“The thing is… something horrible is happening, within the alliance.”
The carefree atmosphere of learning how to swim had suddenly been replaced with the tepid administrative air with which he was all too familiar. He shared that with Shalee–the weight of leadership upon their shoulders: He operated the most active corporation in her alliance, and she ran the alliance itself. He greatly admired her dedication to Imperial Outlaws. Under her guidance, the alliance had taken its place among all other militia entities as the most powerful. And yet, her eyes lacked the pride they should have held.
It took him several moments to get past the pride, the warm feeling of knowing that all of their hard work paid off by strengthening the Crusade and therefore the Empire. Systems fell when the numbers of the alliance ground into gear. The name of the alliance was feared by the Minmatar and respected by the entire militia. So what was this horrible thing?
“But you were just on vacation with Tiger,” He began, “And I haven’t been informed about anything.”
That sentence was a joke. How could he have been informed about anything? He had become a recluse and shut himself away in his quarters, creating that insanity-driven piece of chaos on his floor.
He tried again, confused, “What do you mean?”
Shalee shook her head, “I’ve not been with Tiger. I’ve been… well. I cannot say. Clearance, and all of that. But, the fact of the matter is that the alliance, and even my own corp, has been infiltrated.”
He quirked an eyebrow, wondering why the DENT spy network had failed to notify him. He asked frantically, requesting a sea of information, “Infiltrated? By who? For what purpose? How much do you know? In my corporation as well?”
He realized how selfish all of that was, trying to force out of Lady Lianne what his own resources had failed to provide. He took a deep breath, then asked the question any truly loyal pilot within the alliance would have asked their executor.
“How can I help?”
But the gesture was meaningless as Lady Lianne began responding to his deluge, “Yes, infiltrated.”
She seemed hesitant, continuing slowly but deliberately, “By a Sani Sabik cabal–a rival group of my Father’s. If you think my Father’s sect was bad, it was nothing compared to the Aposi. They are worse than Blood Raiders, even. You’ve never heard of them, I am sure. Because that is how they operate. In the shadows. And yes, in your corporation too.”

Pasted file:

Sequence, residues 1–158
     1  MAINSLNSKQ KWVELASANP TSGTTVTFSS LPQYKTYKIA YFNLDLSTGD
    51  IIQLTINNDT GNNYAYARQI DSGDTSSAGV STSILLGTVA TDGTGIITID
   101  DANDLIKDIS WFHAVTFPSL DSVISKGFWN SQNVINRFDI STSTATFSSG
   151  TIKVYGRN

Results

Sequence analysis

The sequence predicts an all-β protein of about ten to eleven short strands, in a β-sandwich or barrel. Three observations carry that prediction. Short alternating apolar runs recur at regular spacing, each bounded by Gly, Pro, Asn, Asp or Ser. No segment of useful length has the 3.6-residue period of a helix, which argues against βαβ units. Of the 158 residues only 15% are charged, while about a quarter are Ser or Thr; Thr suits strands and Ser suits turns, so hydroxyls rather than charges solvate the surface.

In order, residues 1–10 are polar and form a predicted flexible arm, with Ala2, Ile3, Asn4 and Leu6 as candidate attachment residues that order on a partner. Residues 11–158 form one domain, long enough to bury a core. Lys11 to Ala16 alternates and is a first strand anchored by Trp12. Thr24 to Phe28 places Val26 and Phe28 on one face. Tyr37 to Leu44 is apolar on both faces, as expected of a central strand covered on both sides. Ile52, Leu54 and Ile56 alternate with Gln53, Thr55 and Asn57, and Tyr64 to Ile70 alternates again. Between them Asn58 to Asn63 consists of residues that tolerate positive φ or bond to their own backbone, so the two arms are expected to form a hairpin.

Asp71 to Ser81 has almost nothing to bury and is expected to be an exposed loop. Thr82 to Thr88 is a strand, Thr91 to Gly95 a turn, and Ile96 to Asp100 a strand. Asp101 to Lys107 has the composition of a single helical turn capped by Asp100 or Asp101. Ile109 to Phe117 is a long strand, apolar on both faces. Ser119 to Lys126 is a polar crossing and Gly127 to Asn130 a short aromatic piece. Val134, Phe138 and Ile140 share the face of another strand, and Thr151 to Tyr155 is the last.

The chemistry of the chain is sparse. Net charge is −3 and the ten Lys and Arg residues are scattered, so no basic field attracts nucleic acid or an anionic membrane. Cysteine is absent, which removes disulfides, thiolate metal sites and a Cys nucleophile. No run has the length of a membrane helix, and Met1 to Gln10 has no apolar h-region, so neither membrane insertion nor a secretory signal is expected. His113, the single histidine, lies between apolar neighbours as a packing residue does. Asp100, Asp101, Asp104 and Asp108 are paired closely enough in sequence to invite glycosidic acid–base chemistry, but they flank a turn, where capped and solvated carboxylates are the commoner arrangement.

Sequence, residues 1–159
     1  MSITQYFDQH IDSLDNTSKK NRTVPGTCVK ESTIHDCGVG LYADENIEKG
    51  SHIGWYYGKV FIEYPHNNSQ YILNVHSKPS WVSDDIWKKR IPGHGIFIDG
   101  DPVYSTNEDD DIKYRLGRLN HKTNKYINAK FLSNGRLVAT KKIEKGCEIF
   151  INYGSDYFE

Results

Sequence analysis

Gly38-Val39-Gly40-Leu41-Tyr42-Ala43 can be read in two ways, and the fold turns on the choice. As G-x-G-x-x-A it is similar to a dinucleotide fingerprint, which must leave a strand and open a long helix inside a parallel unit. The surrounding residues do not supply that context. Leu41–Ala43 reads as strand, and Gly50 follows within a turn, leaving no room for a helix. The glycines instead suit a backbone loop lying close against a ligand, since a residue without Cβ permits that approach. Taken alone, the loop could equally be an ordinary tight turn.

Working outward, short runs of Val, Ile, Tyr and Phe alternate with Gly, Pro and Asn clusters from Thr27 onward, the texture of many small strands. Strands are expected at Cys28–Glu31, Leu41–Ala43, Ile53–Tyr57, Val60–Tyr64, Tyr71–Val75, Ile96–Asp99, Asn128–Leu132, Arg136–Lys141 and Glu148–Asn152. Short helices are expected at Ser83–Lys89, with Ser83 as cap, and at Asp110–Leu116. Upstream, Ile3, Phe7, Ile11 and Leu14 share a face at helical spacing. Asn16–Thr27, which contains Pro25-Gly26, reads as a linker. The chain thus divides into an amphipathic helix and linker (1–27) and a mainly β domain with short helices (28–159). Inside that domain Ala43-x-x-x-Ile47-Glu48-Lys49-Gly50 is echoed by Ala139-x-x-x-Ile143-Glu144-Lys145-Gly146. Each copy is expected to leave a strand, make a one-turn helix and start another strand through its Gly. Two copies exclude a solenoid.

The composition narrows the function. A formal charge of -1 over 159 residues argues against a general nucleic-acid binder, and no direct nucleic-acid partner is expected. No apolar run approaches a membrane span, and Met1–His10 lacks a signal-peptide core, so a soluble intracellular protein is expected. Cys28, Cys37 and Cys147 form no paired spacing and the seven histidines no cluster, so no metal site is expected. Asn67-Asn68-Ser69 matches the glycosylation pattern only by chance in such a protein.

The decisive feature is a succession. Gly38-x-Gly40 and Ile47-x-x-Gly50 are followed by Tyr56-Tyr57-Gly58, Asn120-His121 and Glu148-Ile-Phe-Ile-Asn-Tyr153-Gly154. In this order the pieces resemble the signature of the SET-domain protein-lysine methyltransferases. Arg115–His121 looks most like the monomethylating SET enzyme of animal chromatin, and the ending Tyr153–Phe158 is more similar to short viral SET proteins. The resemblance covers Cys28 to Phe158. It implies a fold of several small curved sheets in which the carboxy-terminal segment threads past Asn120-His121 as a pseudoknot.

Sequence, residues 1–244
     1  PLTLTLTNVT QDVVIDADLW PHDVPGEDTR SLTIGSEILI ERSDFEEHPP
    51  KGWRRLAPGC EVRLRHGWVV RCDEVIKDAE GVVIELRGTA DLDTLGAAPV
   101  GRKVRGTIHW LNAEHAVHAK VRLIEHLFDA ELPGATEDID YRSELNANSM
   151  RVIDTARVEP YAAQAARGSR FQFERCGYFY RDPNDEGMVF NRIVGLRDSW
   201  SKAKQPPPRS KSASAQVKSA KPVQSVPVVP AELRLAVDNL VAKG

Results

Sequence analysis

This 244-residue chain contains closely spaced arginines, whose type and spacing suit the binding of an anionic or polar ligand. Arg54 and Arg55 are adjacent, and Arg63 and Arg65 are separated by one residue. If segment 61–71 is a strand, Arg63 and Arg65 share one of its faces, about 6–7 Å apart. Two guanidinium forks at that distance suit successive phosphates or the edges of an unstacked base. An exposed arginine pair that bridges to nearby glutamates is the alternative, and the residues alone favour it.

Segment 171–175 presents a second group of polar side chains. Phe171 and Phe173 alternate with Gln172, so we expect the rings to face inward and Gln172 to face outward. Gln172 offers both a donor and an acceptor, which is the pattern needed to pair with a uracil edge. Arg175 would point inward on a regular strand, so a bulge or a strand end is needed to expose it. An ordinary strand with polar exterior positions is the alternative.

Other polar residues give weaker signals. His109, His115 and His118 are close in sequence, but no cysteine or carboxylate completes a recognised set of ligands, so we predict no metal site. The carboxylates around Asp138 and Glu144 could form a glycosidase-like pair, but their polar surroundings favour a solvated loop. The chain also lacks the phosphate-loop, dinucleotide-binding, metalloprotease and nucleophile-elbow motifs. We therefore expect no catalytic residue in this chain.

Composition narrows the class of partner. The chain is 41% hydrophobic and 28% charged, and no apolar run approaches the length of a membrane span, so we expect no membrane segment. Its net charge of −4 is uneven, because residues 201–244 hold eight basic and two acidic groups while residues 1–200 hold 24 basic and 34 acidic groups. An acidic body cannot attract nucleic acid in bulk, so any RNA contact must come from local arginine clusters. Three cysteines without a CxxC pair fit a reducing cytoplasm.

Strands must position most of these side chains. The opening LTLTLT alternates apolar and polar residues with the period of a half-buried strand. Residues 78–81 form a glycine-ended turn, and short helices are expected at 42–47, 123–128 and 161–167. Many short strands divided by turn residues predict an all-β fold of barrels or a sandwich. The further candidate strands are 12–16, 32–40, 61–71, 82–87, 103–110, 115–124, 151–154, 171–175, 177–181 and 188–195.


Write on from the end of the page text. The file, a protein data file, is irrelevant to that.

The words rammed into him. So that was it. His corporation had been infiltrated by the Sani Sabik. He had suspected it, of course, but he had received no confirmation. He would need to speak with L about the network’s failings. He felt blind, deaf, and stupid without the usual stream of intelligence. And now innocent blood was on his hands.
He wanted to be sure, his hands curling into fists, “Is that… is that how slaves got onto the freighter during the liberation campaign for Huola? Innocent lives?”
“I believe so, yes.”
That was enough. She had confirmed his suspicions. His corporation–the organization he had constructed for nearly a year–had been corrupted by the Sani Sabik. There weren’t many solutions, and he didn’t like any of the options. The directorate and the shareholders would likely not be pleased that he would be conducting a purge.
He pressed for more information, “Do you know why they’re targeting your alliance?”
“Our alliance,” she corrected him, “And from what I can gather, it is to settle an old debt with my Father. That is only one reason. The other is because we are the most powerful alliance in Amarr. And… and that is why I have to shut it down.”
“Shut it down?” He sat upright, completely alert, “What do you mean shut it down?”
That was crazy. He had only meant to begin a purge of his corporation to remove potential suspects, keeping the loyalists and the trustworthy. A full alliance shut down was on an entirely different level. It spoke to Lady Lianne’s fears–she couldn’t even trust the CEOs of her corporations. That was ridiculous. After everything they had done for her, she was going to throw it all away.
He watched her rake her fingers through her damp hair, “I have to disband it. to weaken their power. And then I’ll disband my own corporation.”
Disbanding a corporation was no easy decision, especially for a CEO committed to what it meant, what it represented, and the pilots that called it home. In his opinion, she was committing suicide. He couldn’t and wouldn’t let that happen. He needed to talk her away from the cliff’s edge.